‘Basic Design: A Revolution in Art Education’ at the Hatton Gallery presents student and teacher’s work alongside archival and video material that explores the re-evaluation of art education in Britain during the 1950s and ’60s. The exhibition, part of a broader research project initiated by Tate in 2013, places particular emphasis on Newcastle University. It looks at artists such as Richard Hamilton and Victor Pasmore, who famously pioneered new pedagogies of process-led approaches to making. With support from the first Coldstream report (1960), the principles of Basic Design brought new theoretical and practical rigour to art education. Nationally, artists such as Richard Smith, William Turnbull, Roy Ascott and Harry Thubron among others absorbed the holistic modernity of the Bauhaus and applied it to British art schools. Structured around the rather oblique principles of intuition, science and technology and rational process, students were encouraged to experiment with the fundamentals of line, shape and colour.
Receiving exposure through exhibitions such as ‘The Developing Process’, which was held at the Hatton Gallery in 1959, the work was almost typically abstract, offering a regional adoption of International Modernism: muddied hues, wonky squares, rectangles, whirls and dots. The aesthetic paradigms of British mid-century abstraction feel distant indeed, and the broader political and social upheavals later in the Sixties would leave much of this work looking dated. I would have been interested to see links made between the legacy of Basic Design and the more radicalised student and staff projects that emerged throughout the decade, such as the Hornsey College of Art occupations, the Anti-University, and Alexander Trocchi’s Sigma Project. These projects were explored at Flat Time House in the exhibition ‘The Mental Furniture Industry’, 2013, and my feeling is that there is a much bigger exhibition to be launched, which traces all of these legacies in parallel.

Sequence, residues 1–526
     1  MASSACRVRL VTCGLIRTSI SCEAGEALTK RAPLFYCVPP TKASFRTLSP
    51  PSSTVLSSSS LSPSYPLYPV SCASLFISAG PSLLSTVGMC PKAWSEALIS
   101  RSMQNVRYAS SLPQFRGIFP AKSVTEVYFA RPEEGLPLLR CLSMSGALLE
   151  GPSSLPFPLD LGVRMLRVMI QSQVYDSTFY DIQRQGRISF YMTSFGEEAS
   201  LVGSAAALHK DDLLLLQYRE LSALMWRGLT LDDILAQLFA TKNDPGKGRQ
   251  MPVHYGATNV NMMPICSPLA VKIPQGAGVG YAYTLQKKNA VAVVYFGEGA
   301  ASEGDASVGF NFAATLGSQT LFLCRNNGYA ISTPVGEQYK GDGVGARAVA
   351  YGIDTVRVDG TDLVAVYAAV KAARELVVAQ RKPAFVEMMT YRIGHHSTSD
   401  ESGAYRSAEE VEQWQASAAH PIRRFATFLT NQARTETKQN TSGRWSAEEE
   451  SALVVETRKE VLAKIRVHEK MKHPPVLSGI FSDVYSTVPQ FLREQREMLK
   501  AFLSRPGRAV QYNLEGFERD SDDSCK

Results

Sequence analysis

One can perhaps see the legacy of Basic Design as the first stages in the continued professionalisation of art schools in the 1980s and ’90s when artists started to become engaged in ‘research’ within their ‘practices’. Basic Design’s emphasis on formal experimentation feels very removed from my own experience of art school (I studied on the BA Fine Art at Newcastle University, graduating in 2004). Ultimately, art education in this country since the Sixties has shifted from creativity to criticality. Students are now expected to be literate in economic, social and political discourse and the influence of critical theory has become pervasive. Actually, and ironically, formal experimentation isn’t that privileged in art schools any more. It would have also been interesting to place the developments within the exhibition within an international context. For instance, John Baldessari’s Post-Studio crits (peer-to-peer critique) at Cal Arts in Los Angeles in the Sixties provides a more recognisable framework for contemporary art schools. ‘Basic Design’ is nevertheless a fascinating, if brief, introduction to a moment that now feels like a time capsule.
‘Basic Design: A Revolution in Art Education’ is at the Hatton Gallery, Newcastle University, until 13 December.